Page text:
The Weald, and Brightling in particular, is rich in ancient woodland. But it’s difficult to ‘read’ a wood — its history, resources and challenges — without the help of an expert. That help was provided by the tree warden for Dallington, Doug Edworthy, during a walk in Dallington Forest, on Saturday 7th July.
Forge Wood in Dallington Forest straddles Brightling and Dallington parishes, and – it turns out – is of national importance. A long history of heavy use, especially for the iron industry and commercial timber, have left their mark, including graffiti from a German prisoner of war!
Doug showed us ancient yew and beech trees threatened by competitive growth, such as from Western Hemlock, planted in Victorian times and now regenerating freely. He also described how removing fallen branches of veteran trees can rob the woods of important habitat for a whole range of fauna and flora.
How these woods are managed now can make a huge difference to their future health. The walk ended with an inspiring example of how that management might be done, through selective clearing of trees, opening up of avenues, and preservation of fallen and standing deadwood.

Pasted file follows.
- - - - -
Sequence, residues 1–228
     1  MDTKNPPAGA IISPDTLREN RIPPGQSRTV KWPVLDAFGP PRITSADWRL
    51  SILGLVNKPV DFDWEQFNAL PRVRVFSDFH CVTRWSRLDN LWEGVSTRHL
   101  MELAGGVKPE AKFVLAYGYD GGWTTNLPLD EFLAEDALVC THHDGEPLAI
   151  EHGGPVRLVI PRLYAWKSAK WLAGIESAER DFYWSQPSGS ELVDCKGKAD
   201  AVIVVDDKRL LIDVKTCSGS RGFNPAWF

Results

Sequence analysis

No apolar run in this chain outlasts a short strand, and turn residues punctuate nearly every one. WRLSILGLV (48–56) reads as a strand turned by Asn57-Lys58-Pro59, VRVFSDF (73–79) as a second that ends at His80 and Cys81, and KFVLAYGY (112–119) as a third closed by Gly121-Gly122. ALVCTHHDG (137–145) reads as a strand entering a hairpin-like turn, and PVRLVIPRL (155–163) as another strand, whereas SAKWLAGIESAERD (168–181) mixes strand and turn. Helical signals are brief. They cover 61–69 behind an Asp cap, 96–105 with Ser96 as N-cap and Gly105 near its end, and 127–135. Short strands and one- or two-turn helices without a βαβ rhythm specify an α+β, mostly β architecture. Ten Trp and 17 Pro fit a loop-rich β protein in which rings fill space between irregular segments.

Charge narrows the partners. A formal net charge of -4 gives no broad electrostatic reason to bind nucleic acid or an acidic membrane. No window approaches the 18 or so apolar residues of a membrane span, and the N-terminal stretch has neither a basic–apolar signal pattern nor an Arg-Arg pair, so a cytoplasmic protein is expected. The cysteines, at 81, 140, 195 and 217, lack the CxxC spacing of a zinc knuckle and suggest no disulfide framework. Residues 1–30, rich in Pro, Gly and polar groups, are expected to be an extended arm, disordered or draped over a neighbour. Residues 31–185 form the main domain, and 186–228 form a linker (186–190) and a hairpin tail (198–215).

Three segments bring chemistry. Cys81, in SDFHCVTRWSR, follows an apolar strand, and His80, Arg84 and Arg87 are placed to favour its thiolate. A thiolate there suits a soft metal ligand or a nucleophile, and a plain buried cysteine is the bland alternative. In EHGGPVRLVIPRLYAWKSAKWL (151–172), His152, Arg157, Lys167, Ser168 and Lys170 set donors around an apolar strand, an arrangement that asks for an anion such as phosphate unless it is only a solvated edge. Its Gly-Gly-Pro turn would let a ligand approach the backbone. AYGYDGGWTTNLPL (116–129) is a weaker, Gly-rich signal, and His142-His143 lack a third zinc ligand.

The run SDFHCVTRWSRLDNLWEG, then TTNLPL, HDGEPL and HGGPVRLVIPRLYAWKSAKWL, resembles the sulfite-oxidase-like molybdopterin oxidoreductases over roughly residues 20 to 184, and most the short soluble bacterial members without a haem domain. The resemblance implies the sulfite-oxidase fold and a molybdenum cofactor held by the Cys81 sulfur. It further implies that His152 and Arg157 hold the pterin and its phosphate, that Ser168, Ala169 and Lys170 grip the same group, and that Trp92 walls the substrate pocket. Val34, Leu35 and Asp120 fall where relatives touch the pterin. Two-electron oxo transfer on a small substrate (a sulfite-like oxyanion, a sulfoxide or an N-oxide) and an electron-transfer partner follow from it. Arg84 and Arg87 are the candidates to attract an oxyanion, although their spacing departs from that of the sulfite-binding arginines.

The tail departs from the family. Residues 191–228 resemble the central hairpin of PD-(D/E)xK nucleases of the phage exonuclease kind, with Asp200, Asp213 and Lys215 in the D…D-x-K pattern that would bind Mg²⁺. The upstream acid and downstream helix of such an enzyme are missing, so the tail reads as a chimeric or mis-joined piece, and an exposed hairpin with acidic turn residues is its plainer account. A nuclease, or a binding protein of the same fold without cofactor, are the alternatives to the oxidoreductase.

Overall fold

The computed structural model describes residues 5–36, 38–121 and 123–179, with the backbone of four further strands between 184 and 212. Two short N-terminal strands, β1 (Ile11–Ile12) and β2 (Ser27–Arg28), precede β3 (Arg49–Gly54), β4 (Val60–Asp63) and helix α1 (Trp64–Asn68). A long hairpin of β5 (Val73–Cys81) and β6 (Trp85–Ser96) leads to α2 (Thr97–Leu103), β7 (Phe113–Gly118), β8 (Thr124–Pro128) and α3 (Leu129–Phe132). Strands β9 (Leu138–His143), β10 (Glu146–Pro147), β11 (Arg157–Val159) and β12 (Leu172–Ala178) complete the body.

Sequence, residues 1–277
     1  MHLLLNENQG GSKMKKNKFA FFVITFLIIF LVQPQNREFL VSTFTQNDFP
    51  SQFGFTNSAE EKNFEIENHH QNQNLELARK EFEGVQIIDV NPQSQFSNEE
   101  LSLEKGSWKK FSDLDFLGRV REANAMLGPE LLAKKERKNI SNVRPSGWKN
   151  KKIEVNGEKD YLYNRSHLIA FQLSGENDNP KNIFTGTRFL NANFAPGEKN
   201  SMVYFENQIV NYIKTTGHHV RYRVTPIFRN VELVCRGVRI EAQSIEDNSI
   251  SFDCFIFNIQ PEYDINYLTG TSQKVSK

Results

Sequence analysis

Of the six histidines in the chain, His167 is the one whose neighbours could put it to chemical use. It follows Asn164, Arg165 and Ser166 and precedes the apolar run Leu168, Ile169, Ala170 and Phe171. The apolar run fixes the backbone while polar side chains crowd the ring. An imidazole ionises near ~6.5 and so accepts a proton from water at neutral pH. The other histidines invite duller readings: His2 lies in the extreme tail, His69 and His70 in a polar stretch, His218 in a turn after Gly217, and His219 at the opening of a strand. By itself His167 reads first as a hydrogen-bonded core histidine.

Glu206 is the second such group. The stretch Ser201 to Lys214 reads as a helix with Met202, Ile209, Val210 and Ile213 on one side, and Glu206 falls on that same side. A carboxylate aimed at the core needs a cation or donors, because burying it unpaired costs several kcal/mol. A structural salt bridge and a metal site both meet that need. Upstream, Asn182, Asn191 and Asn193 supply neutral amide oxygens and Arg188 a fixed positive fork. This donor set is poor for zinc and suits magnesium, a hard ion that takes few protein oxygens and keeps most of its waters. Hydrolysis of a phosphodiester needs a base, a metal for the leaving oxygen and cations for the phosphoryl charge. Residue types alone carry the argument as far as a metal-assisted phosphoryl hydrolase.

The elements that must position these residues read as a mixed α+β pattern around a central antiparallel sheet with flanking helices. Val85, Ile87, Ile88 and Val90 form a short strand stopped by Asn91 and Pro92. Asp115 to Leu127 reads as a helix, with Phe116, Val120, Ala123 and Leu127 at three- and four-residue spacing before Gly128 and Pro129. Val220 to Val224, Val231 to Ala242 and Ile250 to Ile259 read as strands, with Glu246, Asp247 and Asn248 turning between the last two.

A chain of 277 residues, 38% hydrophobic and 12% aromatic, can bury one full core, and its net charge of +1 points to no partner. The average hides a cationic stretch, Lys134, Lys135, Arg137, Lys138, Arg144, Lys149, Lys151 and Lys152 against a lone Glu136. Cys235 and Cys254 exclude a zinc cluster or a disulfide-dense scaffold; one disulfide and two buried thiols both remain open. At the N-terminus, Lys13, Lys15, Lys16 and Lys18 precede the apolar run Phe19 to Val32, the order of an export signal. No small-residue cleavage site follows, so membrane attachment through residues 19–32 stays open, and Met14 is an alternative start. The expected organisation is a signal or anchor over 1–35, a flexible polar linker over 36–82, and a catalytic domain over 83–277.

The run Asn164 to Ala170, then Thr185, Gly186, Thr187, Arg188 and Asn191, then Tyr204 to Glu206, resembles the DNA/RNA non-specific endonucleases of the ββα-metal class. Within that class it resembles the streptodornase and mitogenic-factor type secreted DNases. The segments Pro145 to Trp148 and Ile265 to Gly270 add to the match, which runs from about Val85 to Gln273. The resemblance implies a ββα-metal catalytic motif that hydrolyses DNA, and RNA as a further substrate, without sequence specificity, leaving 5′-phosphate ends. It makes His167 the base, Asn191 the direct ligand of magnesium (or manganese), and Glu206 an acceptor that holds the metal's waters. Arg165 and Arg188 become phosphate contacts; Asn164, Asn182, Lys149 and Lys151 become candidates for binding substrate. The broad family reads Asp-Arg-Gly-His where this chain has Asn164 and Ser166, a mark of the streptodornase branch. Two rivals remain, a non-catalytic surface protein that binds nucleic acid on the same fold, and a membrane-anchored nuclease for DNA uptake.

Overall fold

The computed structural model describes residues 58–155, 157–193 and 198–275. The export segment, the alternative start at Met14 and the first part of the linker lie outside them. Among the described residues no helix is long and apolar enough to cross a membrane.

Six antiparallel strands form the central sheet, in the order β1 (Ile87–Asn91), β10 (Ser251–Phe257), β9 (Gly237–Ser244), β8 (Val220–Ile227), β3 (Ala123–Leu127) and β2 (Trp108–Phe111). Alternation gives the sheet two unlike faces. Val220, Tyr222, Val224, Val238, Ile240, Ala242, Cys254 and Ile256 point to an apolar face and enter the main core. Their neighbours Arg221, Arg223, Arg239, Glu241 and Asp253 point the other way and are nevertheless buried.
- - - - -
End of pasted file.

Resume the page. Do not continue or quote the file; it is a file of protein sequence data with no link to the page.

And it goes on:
Brightling currently doesn’t have a tree warden. There’s an opportunity for Doug to fill that role, to provide the kind of joined-up approach that our woodlands need, and to involve parishioners along the way.
Many thanks to Doug, and to Jane and Geoffrey Beard for organising the walk.
Much more detail is to be found in this report: Dallington Forest Ancient and Veteran Tree Survey 2017